This pizza is perfect for a cold night dinner. I ended up bringing my pizza to a party and cutting it up into square pieces so it looked more like flat bread. I highly recommend finishing the pizza off with a squeeze of lemon right before you eat it.

Kale, Italian Sausage, and Roasted Onion Pizza
Yield: One 12-inch pizza

  • Pizza dough of your choice (I used a half batch of this recipe)
  • 1/2 pound kale, washed thoroughly and stemmed
  • 1 cup Fontina cheese, grated
  • 2 Italian sausages, casings removed
  • 1 small onion, diced
  • Kosher salt
  • Freshly ground pepper
  • Olive oil
  • 1/4 teaspoon celery seed
  • 1/4 teaspoon fennel seed, coarsely crushed with a mortar and pestle or the back of a heavy pan
  • About 1 tablespoon of red wine, stock, or even water to deglaze the pan
  • A couple sprigs of thyme (optional)
  • 1 lemon (optional)
  1. Preheat oven to 375°F. Place onions in a small oven-proof pan and add enough olive oil to coat, along with a generous pinch of kosher salt. Add thyme sprigs to pan if using and stir well. Place pan in preheated oven for 30-35 minutes, stirring occasionally to prevent onions from burning. The onions are ready when they are tender and golden. Remove the thyme stems if using.
  2. Meanwhile, bring a large pot of lightly salted water to a boil. Prepare a large bowl of ice water and set aside. Add kale to the rapidly boiling water and blanch for 3 minutes. Drain or lift kale out of the water using a slotted spoon or spider and immediately place in ice bath to stop the cooking. Once the kale is completely cool, remove from the ice bath, squeeze out the water using your hands, and chop  into bite-sized pieces. Set aside.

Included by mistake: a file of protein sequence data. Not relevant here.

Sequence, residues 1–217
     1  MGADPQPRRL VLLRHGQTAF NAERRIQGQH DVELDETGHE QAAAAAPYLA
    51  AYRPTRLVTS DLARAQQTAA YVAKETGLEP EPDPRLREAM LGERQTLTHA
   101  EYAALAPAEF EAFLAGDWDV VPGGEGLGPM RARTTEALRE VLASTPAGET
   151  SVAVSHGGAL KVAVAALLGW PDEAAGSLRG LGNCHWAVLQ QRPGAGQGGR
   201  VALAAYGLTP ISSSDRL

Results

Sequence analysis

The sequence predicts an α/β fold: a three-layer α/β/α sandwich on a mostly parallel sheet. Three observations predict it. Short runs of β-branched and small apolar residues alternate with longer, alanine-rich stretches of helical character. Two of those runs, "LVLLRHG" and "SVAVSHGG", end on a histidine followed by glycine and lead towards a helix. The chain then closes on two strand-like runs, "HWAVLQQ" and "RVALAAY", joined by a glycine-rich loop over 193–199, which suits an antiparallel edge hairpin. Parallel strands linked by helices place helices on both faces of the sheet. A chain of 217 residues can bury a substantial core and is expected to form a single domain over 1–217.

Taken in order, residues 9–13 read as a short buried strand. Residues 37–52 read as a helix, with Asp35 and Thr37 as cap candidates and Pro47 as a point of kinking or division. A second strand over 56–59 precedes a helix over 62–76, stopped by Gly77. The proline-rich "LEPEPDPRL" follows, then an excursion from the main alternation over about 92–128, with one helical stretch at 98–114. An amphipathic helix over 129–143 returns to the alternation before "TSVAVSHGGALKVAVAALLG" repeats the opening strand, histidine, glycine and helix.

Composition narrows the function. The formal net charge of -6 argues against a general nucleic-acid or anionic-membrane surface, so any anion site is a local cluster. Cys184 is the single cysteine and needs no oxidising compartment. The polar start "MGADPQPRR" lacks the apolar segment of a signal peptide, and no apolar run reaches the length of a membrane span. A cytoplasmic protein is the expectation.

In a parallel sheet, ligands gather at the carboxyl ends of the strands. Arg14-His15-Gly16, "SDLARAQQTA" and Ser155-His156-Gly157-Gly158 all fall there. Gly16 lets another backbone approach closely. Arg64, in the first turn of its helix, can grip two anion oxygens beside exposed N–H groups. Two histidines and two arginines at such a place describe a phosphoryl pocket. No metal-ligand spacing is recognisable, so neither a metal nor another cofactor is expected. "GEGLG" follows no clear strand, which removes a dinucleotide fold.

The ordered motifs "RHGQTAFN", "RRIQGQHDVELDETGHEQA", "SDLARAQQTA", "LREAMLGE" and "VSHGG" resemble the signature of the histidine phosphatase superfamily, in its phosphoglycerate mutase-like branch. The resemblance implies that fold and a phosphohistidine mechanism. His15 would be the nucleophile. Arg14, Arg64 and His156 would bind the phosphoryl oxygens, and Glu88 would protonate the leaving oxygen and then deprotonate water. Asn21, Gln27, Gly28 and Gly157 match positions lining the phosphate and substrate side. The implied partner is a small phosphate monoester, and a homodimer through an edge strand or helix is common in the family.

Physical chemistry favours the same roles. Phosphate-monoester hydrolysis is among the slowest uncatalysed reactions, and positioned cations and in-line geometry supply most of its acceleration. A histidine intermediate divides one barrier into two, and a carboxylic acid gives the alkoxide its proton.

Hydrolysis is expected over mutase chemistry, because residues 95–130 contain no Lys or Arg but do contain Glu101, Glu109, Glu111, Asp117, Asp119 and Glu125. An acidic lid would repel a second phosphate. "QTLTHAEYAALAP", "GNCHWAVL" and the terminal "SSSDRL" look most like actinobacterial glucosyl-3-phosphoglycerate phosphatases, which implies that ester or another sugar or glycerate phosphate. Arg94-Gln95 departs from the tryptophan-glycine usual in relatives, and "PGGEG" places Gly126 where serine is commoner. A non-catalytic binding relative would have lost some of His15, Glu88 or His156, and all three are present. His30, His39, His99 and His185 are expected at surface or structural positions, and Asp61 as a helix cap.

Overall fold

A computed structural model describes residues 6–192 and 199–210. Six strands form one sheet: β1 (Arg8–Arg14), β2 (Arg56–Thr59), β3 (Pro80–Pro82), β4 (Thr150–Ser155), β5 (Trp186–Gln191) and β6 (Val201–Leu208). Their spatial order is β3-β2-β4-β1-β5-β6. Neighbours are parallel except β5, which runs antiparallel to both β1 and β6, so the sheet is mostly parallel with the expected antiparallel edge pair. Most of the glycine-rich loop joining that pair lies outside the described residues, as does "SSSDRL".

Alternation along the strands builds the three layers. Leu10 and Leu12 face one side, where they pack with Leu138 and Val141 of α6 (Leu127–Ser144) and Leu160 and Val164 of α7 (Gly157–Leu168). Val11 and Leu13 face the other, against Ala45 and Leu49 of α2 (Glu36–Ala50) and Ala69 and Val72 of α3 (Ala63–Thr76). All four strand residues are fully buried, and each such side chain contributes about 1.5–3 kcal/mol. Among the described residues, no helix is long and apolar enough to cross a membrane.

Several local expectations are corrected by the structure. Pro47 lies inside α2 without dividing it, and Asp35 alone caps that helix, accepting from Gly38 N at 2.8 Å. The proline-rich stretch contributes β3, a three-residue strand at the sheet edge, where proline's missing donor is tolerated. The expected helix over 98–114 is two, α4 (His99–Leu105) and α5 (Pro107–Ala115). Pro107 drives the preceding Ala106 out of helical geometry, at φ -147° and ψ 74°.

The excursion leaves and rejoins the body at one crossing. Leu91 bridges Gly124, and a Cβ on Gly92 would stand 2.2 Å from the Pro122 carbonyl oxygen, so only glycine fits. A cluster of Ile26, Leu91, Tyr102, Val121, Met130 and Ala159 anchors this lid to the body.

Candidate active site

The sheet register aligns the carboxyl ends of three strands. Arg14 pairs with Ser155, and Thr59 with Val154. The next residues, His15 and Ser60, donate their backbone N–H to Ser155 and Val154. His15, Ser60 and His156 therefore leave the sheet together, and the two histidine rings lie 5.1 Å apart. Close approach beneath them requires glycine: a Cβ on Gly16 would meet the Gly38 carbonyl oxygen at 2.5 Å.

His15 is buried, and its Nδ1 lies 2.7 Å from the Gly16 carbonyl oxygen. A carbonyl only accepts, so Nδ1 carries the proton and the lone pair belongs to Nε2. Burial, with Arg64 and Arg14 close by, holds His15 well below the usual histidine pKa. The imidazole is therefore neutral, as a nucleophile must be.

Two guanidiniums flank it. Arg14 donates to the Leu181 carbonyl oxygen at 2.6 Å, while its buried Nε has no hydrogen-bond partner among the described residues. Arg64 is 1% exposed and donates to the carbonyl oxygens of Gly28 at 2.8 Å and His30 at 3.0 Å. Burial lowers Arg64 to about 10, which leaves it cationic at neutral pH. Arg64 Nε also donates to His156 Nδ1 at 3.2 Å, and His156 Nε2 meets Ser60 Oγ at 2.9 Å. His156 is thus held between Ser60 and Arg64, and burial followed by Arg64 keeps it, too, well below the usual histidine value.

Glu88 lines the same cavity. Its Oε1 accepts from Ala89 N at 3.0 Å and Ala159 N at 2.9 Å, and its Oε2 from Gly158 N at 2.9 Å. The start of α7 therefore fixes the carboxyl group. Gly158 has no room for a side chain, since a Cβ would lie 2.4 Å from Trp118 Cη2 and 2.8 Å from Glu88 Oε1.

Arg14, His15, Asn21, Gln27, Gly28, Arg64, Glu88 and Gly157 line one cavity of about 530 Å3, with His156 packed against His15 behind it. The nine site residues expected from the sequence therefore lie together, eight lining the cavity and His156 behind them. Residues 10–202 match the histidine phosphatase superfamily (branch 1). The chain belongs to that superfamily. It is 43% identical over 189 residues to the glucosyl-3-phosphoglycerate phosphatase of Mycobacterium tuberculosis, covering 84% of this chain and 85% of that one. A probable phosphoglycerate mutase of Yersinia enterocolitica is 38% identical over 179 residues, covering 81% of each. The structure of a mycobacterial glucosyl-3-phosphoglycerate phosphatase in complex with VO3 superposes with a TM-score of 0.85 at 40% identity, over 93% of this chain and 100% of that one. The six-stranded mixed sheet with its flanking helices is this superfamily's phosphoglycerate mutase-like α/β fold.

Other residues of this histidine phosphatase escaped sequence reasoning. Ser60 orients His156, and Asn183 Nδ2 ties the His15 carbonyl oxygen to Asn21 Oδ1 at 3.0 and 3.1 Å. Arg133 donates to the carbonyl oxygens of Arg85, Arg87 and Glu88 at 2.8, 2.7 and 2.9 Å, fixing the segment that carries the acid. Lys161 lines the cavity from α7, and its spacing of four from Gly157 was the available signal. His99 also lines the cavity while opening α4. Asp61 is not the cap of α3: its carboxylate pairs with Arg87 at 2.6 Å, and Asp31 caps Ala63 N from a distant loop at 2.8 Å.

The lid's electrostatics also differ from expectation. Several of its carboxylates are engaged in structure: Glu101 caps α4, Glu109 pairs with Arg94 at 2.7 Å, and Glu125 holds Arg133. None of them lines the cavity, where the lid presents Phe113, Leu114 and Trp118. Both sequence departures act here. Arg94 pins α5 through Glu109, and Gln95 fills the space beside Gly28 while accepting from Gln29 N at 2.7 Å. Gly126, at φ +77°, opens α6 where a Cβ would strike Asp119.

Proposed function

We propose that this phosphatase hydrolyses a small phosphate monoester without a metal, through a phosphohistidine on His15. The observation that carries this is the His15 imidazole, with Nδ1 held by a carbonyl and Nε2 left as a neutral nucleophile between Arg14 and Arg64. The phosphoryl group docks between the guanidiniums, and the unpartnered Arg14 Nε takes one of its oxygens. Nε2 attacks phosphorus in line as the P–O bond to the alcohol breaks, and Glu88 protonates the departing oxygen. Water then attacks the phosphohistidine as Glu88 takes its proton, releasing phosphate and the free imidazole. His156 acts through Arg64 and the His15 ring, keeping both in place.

3. Bring a heavy-bottomed pot or pan to medium heat on the stove top. Add sausage to pan and break it up into bite-sized pieces with a wooden spoon. Add celery seed and fennel seed and continue to brown the meat, stirring constantly until the sausage is almost fully cooked. There will likely be some bits of meat and stuff stuck to the bottom of the pan. If there is, add a tablespoon or so of red wine, stock, or water to help loosen up those delicious bits. Add the blanched kale to the sausage mixture and cook for 1 minute, stirring until incorporated. Add salt and pepper if needed.
  4. Preheat oven to 450°F and place your pizza stone on the lowest rack if using. Roll out your pizza dough on a floured surface until you make a 10-12 inch circle. If your dough doesn’t seem to want to roll out, leave it alone for a few minutes so the gluten can settle and try again. I like to place the dough on a sheet of parchment paper to help maneuver it from the pizza peel to the pizza stone.
  5. Cook the dough in the oven with no toppings for 5 minutes. Don’t worry if air bubbles form–just deflate them before you put the toppings on. Pre-baking the dough will help prevent the cheese and toppings from getting overcooked. Remove dough from the oven and sprinkle on half of the cheese. Add the kale and sausage mixture. Add the rest of the cheese and top with the roasted onions. Brush a thin layer of olive oil on the crust.  Return the pizza to the oven and cook for another 5-8 minutes until the crust is crispy and the cheese is just melted. Serve with a squeeze of fresh lemon on each slice.